Note: Marginal: <1 hectare, Small: 1-2 hectares, Medium: 2-10 hectares, Large: > 10 hectares

Source: Agriculture Census, 2011

Table 3. Average operational holdings in rural India

YearsAverage operational holdings (in ha)

Source: NSS Report, 2016

Support Services

Support services are those services that assist in providing an enabling environment and enhance the operational efficiency of the different processes and the value chain as a whole. A representative diagram of various support services or business development services available at different stages of the value chain has been represented in Figure 1. The following are some of them:

  • Production services (input supply, research and development of high-quality genetic material, soil, and water testing services, weather forecast, farm machinery services on rent, public and private extension and advisory services)
  • Infrastructural services (water supply, electricity supply, storage infrastructure, roads and transportation, communication, marketplace development)
  • Marketing and business skills (market information, market intelligence, facilitation of farm-market linkages, mobilization of farmer groups, and support for collective marketing)
  • Financial services (credit, low-interest rates on agricultural loans, savings, risk insurance)
  • Policy and regulatory services (property rights, market, and trade regulations, minimum support price mechanism, Subsidy on fertilizers, irrigation, equipment, seeds, export, investment incentives, legal services, taxation).


  1. Post-Harvest related constraints:

There is a dearth of knowledge among smallholder farmers about the post-harvest practices. Non-availability of cleaning facility or storage facility near production centres, wastage during storage (estimated at 20-30 per cent) and transportation due to moisture and insect infestation, quality deterioration are some of the major post-harvest constraints. Processing of wheat needs high volumes, requires various licenses for processing and marketing and hence is out of reach of farmers/farmer institutions. However, with the direct involvement of companies like ITC, farmers can sell their produce directly to ITC with a higher margin after primary sorting and grading. Currently, there is lack of primary sorting and grading infrastructure at community level which forces the farmers to sell semi-graded produce to traders who later on sell it at a higher margin after doing sorting, grading and cleaning.

  1. Marketing constraints:

a) Lack of market intelligence services:

Farmers do not receive adequate information on market prices. Farmers sell crops through village-level traders or through the MSP system but feel that they do not get a fair price for their produce. It was found that only 10 percent of farmers were aware of MSPs before the sowing season and 62 percent of the farmers came to know of MSPs after sowing their crops (NITI Aayog, 2016).  The pricing policy of MSPs would be useful only when the farmers are aware of it at the time of deciding what crops to grow. Farmers, many times are completely unaware of the quality grades and standards. The mandi system does not offer higher prices to farmers for higher-quality produce as alternative market channels would, such as direct supply to supermarkets. Over the past few years, the share of wheat exports has reduced from 1.9 percent in 2013-14 to 0.8 percent in 2015-16 (DAC&FW, 2016).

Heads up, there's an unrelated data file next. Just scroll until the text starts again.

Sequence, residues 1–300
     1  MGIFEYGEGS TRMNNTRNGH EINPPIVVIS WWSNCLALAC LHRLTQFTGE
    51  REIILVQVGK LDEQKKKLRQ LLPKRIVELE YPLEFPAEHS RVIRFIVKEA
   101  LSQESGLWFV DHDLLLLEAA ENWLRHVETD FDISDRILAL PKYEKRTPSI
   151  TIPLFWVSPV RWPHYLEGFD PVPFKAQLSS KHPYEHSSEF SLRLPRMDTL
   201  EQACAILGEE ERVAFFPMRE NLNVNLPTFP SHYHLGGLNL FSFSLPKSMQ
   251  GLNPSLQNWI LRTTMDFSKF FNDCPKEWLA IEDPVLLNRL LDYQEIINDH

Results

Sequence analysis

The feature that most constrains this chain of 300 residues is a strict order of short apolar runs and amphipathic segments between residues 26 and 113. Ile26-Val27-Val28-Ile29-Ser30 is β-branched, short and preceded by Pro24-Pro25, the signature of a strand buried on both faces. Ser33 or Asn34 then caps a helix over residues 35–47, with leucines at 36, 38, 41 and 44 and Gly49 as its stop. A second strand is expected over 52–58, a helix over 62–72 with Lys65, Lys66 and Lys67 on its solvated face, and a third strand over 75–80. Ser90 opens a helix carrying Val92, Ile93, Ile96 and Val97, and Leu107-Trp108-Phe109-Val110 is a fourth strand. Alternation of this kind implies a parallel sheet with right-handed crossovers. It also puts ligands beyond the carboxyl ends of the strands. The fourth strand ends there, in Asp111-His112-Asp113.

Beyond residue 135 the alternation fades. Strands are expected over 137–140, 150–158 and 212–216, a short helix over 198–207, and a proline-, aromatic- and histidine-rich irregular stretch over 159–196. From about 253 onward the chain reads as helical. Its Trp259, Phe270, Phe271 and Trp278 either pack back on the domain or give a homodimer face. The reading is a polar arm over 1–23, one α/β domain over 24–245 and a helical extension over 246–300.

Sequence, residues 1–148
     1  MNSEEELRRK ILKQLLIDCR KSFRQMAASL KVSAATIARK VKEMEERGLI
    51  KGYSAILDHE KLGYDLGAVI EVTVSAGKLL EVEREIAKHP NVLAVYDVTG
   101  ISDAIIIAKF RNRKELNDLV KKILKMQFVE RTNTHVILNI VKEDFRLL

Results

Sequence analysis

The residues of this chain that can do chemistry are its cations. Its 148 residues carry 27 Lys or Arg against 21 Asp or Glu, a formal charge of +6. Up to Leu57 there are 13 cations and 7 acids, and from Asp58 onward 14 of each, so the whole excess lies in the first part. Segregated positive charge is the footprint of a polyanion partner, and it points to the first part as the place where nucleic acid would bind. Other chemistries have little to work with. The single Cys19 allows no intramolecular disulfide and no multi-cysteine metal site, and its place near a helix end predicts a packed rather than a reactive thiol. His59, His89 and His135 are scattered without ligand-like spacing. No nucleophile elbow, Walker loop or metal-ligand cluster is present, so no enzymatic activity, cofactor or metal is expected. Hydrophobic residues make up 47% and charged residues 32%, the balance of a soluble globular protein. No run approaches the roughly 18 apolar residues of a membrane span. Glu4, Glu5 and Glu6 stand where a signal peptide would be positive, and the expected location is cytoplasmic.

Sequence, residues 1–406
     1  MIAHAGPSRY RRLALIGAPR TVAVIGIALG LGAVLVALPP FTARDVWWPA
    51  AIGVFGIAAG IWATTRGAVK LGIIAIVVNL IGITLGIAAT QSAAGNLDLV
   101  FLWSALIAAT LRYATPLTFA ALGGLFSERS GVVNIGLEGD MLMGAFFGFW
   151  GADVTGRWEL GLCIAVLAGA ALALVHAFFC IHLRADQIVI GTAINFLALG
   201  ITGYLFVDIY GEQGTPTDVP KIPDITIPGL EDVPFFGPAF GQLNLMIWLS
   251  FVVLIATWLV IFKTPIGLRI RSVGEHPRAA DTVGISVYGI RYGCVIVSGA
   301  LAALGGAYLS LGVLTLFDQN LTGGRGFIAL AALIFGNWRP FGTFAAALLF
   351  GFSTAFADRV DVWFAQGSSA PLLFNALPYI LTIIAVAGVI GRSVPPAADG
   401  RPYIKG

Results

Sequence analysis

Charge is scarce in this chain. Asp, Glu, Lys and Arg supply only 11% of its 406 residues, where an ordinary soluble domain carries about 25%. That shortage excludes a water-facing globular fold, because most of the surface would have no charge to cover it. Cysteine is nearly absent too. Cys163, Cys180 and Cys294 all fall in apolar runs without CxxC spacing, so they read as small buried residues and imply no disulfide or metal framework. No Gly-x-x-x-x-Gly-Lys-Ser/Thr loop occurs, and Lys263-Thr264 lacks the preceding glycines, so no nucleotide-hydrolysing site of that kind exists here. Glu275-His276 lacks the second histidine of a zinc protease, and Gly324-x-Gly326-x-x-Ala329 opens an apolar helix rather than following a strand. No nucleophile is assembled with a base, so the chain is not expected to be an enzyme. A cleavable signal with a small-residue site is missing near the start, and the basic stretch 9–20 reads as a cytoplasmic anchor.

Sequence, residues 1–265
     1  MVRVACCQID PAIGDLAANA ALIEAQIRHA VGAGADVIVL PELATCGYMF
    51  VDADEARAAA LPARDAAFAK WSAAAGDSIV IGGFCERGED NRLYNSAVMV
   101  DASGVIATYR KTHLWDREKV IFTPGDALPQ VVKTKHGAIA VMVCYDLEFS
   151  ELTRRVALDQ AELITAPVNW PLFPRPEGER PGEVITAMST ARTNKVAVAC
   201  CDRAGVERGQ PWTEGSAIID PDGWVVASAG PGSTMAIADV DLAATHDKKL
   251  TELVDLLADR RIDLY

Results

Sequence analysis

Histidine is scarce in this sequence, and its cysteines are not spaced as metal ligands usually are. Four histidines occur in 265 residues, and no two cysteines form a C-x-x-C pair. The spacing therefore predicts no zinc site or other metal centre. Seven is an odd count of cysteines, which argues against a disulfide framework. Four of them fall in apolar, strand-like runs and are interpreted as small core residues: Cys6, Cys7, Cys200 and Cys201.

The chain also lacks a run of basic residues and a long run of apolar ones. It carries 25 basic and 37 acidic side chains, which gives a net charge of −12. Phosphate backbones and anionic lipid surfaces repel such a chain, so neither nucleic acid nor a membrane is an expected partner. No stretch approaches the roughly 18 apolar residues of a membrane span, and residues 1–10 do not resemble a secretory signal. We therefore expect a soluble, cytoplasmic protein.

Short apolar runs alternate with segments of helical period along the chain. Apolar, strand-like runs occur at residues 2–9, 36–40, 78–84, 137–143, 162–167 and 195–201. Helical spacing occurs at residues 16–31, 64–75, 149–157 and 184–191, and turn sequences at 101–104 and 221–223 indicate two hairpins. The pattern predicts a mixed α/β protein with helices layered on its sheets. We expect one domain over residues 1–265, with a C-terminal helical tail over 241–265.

b) Lack of primary processing infrastructure:

   Non-availability of primary processing facilities like cleaning, grading, and sorting at the farm level, severely affects the quality of the produce and thereby fetches low market price. Farmers also lack awareness about the FAQ (Fair Average Quality) standards laid out by the Government every year before the start of the procurement season.

c) Distant markets:

Due to the distance of APMC from the farmers’ field, they resort to selling the produce to traders at non-competitive prices. Poor transportation infrastructure also increases the difficulty in transporting huge quantities of grain from the farm locations.

d) Seasonal price variations:

Generally, during the harvesting period, prices are on the lower side and reach their highest after 5-6 months of harvesting. However, farmers resort to distress selling as they need cash to meet out their household expenses. They might get a higher price for the same produce if they can hold the stock for 2-3 months more. It is a seasonal business, so it witnesses high concentration and competition during a short period.

e) Malpractices in markets:

Many malpractices prevail in the wheat markets like delay in weighing and auction, faulty weighing, delay in payment, high commission charges, different kinds of arbitrary deductions for religious and charitable purposes, cumbersome bureaucratic procedures, corruption, etc. A large number of traders, commission agents, suppliers, and other middlemen make the price discovery mechanism more notorious and opaque.

f) Infrastructure facilities:

Due to inadequate infrastructural facilities (roads, transportation, procurement platform, storage) available to the producers, traders, millers, and at the market level, marketing efficiency is affected adversely. Some of the issues with the state of storage facilities in the country are inadequate capacity and poor conditions of storage (CAG, 2015). Inconsistent electricity supply is also a major problem at the level of farmers and millers.

g) Weak Horizontal Linkages:

Although in some places, farmers’ clubs have been formed it is limited only to sharing labour and for collective use of irrigation equipment they do not undertake collective trading and marketing, because of a lack of trust. This is the reason they do not achieve economies of scale.

SWOT Analysis of the Wheat Value Chain


Wheat is the main cereal crop in India and the staple food in North India

India is the second largest producer of wheat in the world after China and accounts for 8.7 percent of the world’s total wheat production